On such a basis it is possible that blockade of the mineralocorticoid receptor by either spironolactone or the more specific aldosterone antagonist eplerenone is beneficial for vascular function in situations of increased aldosterone formation such as chronic congestive heart failure5 or experimental application of angiotensin II.6
In this issue of Hypertension, Sartorio et al7 extend this concept and demonstrate that blockade of mineralocorticoid receptors at the time of myocardial infarcts to a large extent prevents the vascular dysfunction occurring in the early postinfarction period. Eplerenone attenuated the development of aortic endothelial dysfunction, and it prevented the loss of the stimulatory phosphorylation of endothelial NO synthase (eNOS) on serine 1177. Furthermore, this aldosterone antagonist blocked the vascular induction of the angiotensin converting enzyme (ACE) as well as of the p22phox component of the NADPH oxidase. Finally, eplerenone also prevented the infarction-induced downregulation of manganese superoxide dismutase (MnSOD). All these effects resulted in a blockade of the development of infarction-induced vascular oxidative stress.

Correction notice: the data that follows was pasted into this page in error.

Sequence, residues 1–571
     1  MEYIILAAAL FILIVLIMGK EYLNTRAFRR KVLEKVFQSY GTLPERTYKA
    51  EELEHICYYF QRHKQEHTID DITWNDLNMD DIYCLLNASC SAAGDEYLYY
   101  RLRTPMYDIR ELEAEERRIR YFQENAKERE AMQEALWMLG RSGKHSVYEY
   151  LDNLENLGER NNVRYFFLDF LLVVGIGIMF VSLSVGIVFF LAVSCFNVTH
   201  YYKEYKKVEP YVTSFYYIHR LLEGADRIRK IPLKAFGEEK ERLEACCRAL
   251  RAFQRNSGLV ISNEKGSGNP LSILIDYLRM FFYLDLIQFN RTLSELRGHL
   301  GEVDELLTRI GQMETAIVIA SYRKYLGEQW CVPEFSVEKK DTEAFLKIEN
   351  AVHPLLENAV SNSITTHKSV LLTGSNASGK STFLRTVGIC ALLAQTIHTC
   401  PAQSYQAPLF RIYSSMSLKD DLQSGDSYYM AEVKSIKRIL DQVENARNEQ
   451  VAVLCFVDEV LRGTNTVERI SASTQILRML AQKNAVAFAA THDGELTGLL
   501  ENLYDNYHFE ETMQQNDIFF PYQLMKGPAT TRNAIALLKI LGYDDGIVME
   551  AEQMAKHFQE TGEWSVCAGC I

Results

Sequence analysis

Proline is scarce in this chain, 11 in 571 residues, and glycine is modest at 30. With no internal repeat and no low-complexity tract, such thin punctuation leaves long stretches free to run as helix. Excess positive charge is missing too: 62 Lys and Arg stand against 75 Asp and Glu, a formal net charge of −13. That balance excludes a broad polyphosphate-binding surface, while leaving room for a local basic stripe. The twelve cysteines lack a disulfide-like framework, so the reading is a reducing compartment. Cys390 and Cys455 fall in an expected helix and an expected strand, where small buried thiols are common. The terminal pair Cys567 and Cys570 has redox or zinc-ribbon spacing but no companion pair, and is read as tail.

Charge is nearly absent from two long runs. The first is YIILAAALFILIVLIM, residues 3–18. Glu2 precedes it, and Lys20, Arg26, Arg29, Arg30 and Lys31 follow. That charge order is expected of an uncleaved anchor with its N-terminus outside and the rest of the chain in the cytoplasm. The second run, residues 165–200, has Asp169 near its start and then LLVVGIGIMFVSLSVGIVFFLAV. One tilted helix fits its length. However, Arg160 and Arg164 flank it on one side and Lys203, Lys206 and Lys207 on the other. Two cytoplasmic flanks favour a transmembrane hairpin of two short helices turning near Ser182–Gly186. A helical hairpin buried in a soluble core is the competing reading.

These observations are remarkable and important for several reasons. From the clinical point of view, they may help to understand why an early initiation of therapy with eplerenone in the EPHESUS trial resulted in less mortality than a late initiation. The pathophysiological situation shortly after a large myocardial infarction is also considerably different and more dynamic than the chronic heart failure situation. In the latter, neurohumoral activation dominates, which is just initiated in the early postinfarct time. Moreover, the resolution of the fresh myocardial infarction results in considerable systemic inflammation, a process that elicits oxidative stress per se and probably contributes to vascular dysfunction. It is intriguing that even in such a complex scenario the selective interference with the aldosterone system is sufficient to prevent vascular dysfunction.